Why Q-Tip is Right
Sometimes life imitates art. Sometimes art imitates life. And sometimes art is appropriated from its sociopolitical roots and used to white artists’ advantage. If you’ve read Eliza’s Gkritsi’s article “Why Q-Tip is Wrong,” you’ll know what I’m talking about.
But if you don’t, here’s the issue in a nutshell: Azealia Banks tweeted “its funny to see people Like Igloo Australia silent when these things happen… Black Culture is cool, but black issues sure aren’t huh?” to which Iggy responded, “Make it racial! make it political! Make it whatever but I guarantee it won’t make you likable & THATS why ur crying on the radio.”
While Gkritsi writes that the underlying issue is “Azalea’s lack of cultural sensitivity in her work and disregard for the history of hip-hop,” I’ve decided to play Q-Tip and point out that the real issue is not only Iggy’s disregard for the history of hip-hop but the fact that she does not give back to the black community while she in turn has cleaned up nicely with four Grammy nominations, 22 assorted awards, and a platinum single using a style of music that has traditionally been used to express black issues.
Furthermore, Iggy’s use of rap and hip-hop goes beyond mere “adaptation.” I think the key phrase here is “cultural appropriation”. You’ve probably heard of this: white people wearing bindis and head-dresses because they’re “cool” without considering what their cultural significance is. So while Gkritsi can claim that hip-hop “doesn’t belong” to the minorities that it came from, which is true, anyone claiming to be a hip-hop artist most definitely needs to appreciate that he or she is stepping into a culture that has sociopolitical roots. As Azealia says, white artists can’t take the “cool” parts of black culture while ignoring black issues. And unlike white rap artists like Macklemore who have condemned Ferguson, Iggy has chosen to say… nothing.
While Gkritsi might mock hip-hop, writing, “[Iggy] uses the style of hip-hop to convey existential theses with epistemological implications, such as “I’m so fancy, you already know.” Apparently, this is not what hip-hop was made for,” at least she’s right about one thing. Hip-hop isn’t made for arbitrary bragging.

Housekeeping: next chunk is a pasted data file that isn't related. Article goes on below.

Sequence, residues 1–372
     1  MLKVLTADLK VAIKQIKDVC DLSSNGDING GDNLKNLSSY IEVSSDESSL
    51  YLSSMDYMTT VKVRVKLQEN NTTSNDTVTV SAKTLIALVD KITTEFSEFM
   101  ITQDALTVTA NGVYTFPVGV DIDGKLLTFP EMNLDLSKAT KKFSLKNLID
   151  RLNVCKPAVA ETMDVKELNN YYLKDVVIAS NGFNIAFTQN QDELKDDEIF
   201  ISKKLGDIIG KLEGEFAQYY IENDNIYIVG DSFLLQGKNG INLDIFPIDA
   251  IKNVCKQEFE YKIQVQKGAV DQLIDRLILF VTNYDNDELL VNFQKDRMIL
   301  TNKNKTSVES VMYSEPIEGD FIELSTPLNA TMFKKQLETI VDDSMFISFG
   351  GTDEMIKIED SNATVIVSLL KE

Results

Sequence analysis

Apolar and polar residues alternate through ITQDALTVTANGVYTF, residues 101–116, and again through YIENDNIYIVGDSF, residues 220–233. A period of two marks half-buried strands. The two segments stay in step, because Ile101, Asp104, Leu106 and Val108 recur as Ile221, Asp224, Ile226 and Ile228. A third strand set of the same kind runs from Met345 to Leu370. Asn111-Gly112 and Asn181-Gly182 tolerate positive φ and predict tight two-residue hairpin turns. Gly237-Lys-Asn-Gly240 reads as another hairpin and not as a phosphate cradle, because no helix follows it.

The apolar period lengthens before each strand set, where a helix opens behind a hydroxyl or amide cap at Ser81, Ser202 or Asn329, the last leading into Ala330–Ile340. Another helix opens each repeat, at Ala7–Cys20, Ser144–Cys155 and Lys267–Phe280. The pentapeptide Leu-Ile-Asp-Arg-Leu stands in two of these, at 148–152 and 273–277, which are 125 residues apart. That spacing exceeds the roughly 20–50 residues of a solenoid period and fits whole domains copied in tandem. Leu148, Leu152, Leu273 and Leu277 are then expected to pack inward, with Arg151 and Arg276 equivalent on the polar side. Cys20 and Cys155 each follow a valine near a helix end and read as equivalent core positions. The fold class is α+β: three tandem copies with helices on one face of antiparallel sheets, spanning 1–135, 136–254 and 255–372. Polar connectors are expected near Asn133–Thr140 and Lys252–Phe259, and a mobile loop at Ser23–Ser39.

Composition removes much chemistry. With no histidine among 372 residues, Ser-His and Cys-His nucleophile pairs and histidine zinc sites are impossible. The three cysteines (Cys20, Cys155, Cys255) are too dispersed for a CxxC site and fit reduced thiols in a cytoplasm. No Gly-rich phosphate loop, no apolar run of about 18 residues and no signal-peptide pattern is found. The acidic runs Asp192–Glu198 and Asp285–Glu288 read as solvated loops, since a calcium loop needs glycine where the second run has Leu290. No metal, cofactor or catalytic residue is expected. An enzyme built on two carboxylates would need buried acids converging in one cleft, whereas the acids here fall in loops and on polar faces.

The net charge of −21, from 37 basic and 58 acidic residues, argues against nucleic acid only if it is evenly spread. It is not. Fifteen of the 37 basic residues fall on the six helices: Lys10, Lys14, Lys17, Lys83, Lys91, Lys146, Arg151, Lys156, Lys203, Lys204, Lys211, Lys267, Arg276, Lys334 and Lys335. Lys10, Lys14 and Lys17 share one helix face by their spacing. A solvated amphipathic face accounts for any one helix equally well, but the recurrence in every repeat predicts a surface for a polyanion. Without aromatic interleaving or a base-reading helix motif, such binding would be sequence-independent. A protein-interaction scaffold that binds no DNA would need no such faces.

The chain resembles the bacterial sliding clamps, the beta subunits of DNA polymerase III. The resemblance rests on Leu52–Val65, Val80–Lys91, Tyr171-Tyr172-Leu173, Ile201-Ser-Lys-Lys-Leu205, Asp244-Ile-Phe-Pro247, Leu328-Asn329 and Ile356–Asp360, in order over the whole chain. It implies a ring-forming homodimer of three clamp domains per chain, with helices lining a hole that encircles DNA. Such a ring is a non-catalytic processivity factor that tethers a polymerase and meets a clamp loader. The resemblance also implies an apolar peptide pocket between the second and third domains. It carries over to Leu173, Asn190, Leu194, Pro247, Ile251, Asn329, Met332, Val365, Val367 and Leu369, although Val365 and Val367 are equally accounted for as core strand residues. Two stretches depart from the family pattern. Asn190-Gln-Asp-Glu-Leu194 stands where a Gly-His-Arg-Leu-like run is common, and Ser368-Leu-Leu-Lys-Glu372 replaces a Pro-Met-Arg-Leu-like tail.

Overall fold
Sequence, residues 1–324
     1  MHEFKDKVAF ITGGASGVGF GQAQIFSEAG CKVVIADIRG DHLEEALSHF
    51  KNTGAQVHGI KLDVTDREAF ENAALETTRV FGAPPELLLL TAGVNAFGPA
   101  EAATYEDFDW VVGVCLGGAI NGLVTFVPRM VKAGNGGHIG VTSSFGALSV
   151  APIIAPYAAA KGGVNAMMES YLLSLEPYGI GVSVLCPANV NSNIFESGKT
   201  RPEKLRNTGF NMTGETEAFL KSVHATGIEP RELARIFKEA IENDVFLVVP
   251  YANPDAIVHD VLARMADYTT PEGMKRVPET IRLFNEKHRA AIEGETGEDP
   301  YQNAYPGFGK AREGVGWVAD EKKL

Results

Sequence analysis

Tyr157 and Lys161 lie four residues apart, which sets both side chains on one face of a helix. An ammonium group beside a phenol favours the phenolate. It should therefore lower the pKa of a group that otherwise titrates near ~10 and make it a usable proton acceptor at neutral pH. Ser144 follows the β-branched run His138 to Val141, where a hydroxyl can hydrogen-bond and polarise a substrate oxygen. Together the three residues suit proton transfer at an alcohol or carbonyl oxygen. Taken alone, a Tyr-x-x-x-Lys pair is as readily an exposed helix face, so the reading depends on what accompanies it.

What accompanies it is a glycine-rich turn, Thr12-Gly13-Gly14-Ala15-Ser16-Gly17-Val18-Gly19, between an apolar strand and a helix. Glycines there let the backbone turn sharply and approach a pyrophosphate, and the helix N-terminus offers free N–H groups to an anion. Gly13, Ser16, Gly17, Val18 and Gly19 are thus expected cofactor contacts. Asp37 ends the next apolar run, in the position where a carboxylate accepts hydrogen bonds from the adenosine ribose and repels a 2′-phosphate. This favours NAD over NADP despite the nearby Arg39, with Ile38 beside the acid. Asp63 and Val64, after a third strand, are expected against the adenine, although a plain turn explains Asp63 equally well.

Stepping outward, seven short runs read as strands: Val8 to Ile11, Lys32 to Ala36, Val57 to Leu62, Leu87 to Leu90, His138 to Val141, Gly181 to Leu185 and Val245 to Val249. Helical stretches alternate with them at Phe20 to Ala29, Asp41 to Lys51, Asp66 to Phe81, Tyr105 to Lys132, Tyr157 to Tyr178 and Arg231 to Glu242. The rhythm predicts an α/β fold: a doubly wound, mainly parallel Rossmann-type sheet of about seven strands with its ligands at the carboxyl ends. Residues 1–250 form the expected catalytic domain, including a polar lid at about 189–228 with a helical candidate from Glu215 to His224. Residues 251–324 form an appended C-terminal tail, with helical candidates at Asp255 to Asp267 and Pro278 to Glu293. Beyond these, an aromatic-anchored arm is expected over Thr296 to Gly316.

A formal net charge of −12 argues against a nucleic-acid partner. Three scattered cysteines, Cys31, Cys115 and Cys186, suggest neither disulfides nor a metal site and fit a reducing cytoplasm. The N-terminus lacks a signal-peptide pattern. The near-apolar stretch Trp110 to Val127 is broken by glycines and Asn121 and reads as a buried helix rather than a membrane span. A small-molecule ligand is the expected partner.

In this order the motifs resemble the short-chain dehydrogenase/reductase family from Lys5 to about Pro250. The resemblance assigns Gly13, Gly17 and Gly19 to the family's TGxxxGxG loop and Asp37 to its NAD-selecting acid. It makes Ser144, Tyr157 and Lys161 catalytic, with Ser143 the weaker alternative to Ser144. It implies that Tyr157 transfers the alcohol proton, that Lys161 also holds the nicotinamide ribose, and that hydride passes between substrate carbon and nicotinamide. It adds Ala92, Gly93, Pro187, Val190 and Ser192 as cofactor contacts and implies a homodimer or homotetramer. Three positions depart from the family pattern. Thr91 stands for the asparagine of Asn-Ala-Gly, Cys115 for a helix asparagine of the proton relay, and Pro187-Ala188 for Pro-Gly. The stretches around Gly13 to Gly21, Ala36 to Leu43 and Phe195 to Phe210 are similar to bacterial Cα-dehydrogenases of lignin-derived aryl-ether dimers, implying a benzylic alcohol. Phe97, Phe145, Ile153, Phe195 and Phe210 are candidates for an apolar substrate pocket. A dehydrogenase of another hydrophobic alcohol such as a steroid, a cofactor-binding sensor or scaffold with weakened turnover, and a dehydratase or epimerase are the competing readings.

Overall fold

What hip-hop is made for is carving out spaces for minorities in society, voicing their issues, and spreading the word in a powerful, catchy way. In the words of Q-Tip, hip-hop shows the world that black and latino minorities have “depth, fire, and brilliance.” It has become the voice of the voiceless, a paean to everybody who can “relate to the roots, the spirit, the history, the energy” and the oppression that artists have gone through. Look through the lyrics of artists like Kendrick, Nas, Estelle, Immortal Technique, Missy Elliot, Jay-Z, Lauryn Hill, Lowkey, etc and you’ll notice a pattern. Even Kanye’s got something good to say every once in a while.
Gkritsi also takes “Murda Bizness” by Iggy and T.I. and compares it to “NY State of Mind” by Nas, stating that the former is “a meaningless song that might as well have the alphabet as lyrics.” Uh uh, honey. Songs like “Fancy” and “Goddess” which boast about the artist’s wealth, power, and status, come about because of songs like Iggy’s “Work,” because the artist now has the right to brag about how far they’ve come. In the words of Drake, they’re talking about how they “started from the bottom now we here.”
So it’s odd that Iggy’s denying the politics of hip-hop considering her songs follow the pattern of discussing pain, obstacles, and then triumph. Q-Tip hits home when he tweets, “hiphop is fun it’s vile it’s dance it’s traditional it’s light hearted but 1 thing it can never detach itself from is being a SOCIO-Political movement. U may ask why … Well once you are born black your existence I believe is joined with socio-political epitaph and philos[ophy]….it never leaves our conversation… Ever. WeAther in our universities our dinner tables our studios or jail cells.”
And this is so true. Race is something that tattoos itself on people’s skin without their consent, something which causes them to be stereotyped and profiled and frisked arbitrarily. As a white artist, Iggy has the privilege of being able to exist in the world without having to worry about her skin color, although ironically this experience might educate her about having to feel alienated in a community because of her race.